Some additional Ross Winans resources:
Thomas DeKay Winans [1-9-1-1-1-7-1] was also an inventor. He was the son of Ross and Julia Winans and was born in Sussex County, NJ, on 6 December 1820. He traveled to Russia along with his brother William to represent his father's business and married Celeste Revillon, who was a Russian of French-Italian descent, in St. Petersburg on 23 August 1847. Thomas DeKay Winans died in Newport, RI, on 10 June 1878. -- NCAH, Vol 1, pg. 239; DAB Vol 10, pg 372.
Please see our Winans articles page for additional information on Thomas DeKay Winans, his son Ross and his brother William.
Edwin Baruch Winans was the subject of this biosketch in The Twentieth Century Biographical Dictionary of Notable Americans, Vol. 10, by Rossiter Johnson and John Howard Brown, 1904, The Biographical Society:
WINANS, Edward Baruch, governor of Michigan, was born in Avon, N. Y., May 16, 1826; son of John and Eliza Winans. He removed with his parents to Michigan in 1834; attended the public schools and Albion college, 1847-49, and was engaged in gold mining and other enterprises in California, 1850-58, after which he settled as a farmer in Hamburg, Mich., where he was married, Sept. 8, 1855, to Elizabeth, daughter of George Galloway. He was a representative in the state legislature, 1861-65; a member of the state constitutional convention, 1867; probate-judge of Livingston county, Mich., 1877-81; a Democratic representative from the sixth Michigan district in the 48th and 49th congresses, 1877-81, and Democratic governor of Michigan, 1891-93. Governor Winans died in Hamburg, Mich., July 4, 1894.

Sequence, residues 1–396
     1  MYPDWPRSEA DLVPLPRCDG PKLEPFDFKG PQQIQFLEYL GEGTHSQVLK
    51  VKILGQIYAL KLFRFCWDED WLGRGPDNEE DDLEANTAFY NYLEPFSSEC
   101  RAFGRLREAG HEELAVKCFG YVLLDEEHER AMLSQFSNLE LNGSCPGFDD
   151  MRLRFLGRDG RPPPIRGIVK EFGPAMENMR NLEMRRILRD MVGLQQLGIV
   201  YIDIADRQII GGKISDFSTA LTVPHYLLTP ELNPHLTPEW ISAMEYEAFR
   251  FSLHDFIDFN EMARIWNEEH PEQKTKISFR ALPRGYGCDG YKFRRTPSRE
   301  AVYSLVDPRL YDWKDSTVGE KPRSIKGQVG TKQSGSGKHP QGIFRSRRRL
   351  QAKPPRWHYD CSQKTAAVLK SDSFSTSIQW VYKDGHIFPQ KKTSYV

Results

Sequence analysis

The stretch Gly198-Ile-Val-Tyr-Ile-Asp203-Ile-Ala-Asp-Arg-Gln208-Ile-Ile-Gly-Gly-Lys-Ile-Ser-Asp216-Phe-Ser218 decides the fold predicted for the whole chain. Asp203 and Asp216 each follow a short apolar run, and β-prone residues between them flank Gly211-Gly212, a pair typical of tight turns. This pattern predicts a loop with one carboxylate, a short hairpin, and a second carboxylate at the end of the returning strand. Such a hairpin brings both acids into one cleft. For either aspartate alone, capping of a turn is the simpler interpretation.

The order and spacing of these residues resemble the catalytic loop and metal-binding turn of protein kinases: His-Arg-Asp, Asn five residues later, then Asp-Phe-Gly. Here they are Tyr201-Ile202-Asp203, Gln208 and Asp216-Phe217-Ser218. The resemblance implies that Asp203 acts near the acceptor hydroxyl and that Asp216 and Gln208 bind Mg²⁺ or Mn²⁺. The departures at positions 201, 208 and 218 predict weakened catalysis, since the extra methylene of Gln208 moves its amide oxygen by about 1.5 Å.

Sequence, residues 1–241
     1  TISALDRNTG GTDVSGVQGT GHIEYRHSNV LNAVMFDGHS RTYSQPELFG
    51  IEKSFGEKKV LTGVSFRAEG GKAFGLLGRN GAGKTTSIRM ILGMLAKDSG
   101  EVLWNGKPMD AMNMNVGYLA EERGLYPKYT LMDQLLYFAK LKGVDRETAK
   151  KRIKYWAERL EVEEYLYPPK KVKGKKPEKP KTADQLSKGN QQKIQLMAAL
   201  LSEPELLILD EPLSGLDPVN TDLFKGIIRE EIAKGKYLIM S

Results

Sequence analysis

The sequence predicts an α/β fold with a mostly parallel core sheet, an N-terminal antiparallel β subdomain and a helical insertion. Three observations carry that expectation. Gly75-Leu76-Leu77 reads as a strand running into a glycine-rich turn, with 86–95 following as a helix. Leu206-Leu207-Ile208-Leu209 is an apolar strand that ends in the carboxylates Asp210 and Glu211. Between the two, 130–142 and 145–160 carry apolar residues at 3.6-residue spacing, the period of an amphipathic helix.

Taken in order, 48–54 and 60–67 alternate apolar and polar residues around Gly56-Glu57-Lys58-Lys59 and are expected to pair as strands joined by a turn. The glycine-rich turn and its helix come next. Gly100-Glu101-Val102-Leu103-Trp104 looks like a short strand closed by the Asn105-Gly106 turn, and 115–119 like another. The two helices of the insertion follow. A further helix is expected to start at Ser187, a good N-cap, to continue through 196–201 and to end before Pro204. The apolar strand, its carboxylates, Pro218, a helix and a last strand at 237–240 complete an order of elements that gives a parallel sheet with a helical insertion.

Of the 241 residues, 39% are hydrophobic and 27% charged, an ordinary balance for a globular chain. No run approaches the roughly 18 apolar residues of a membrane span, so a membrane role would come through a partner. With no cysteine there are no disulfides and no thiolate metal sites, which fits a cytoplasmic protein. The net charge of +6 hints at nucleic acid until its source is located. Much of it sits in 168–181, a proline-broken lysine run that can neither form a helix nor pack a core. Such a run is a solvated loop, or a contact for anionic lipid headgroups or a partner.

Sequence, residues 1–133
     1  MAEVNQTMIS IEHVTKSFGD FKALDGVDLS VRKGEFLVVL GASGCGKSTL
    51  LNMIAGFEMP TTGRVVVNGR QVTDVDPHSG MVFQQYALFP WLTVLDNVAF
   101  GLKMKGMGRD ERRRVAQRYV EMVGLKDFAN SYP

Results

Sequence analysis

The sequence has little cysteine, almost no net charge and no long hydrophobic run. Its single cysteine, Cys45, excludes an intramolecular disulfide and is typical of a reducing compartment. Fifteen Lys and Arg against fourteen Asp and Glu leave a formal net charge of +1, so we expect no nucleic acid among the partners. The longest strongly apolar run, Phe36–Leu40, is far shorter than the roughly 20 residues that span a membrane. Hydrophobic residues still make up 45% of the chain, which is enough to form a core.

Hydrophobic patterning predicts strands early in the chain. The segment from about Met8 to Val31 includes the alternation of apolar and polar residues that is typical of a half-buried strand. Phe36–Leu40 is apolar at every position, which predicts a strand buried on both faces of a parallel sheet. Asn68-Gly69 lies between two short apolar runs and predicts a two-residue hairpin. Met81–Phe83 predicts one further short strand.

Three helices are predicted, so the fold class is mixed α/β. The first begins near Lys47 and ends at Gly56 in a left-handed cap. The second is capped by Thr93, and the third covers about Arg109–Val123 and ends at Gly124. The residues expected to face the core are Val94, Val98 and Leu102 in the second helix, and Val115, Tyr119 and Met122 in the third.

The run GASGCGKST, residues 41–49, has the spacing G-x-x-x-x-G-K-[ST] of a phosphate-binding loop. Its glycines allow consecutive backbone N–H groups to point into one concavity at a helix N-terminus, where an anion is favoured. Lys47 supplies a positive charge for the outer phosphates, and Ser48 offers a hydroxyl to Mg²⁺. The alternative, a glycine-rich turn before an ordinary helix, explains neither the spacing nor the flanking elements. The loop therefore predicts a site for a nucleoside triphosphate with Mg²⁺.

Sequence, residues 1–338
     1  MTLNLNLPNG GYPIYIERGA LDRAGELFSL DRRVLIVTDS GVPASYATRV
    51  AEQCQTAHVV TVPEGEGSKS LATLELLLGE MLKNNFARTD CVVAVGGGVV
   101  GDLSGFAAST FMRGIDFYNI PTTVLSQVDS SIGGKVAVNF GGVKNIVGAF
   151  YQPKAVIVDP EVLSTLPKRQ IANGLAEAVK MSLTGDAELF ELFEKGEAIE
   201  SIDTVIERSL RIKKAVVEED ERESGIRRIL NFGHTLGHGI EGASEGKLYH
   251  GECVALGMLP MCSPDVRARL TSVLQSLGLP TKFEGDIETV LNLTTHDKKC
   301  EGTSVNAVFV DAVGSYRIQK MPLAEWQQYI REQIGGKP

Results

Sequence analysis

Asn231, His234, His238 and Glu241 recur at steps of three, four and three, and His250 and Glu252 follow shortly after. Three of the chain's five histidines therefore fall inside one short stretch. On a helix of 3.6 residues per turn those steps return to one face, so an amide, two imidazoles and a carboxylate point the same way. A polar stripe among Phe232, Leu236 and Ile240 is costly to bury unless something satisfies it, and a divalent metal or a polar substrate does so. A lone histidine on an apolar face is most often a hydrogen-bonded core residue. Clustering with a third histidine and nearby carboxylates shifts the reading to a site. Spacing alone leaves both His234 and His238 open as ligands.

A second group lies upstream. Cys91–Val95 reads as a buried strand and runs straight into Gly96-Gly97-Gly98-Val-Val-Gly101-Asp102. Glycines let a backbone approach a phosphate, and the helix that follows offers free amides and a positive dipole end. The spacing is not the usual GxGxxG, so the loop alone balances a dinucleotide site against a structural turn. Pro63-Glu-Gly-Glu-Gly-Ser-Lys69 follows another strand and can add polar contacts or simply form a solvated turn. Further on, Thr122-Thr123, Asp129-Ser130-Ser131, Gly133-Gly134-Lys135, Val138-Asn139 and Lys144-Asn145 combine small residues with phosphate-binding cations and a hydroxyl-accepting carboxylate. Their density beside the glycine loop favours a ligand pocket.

I had seen the name Samuel Ross Winans [1-7-1-5-9-4] mentioned in several places without knowing who he was until my researcher cousin Glen Richard Winans found the following information at the New Jersey Historical Society site:
Professor Samuel Ross Winans (1855-1910) was a professor of Greek at Princeton University. He was an extensive collector of genealogical data, which is reflected in this collection.
This collection [Manuscript Group # 1459] was donated to the Society by Professor Winans at the time of his death. In the thirty years following his demise, from 1910 through 1939, Paul G. Burton was in possession of the papers and organized, catalogued and indexed the collection. The collection has since been placed in the possession of the Society by Paul G. Burton in the name of Professor Winans.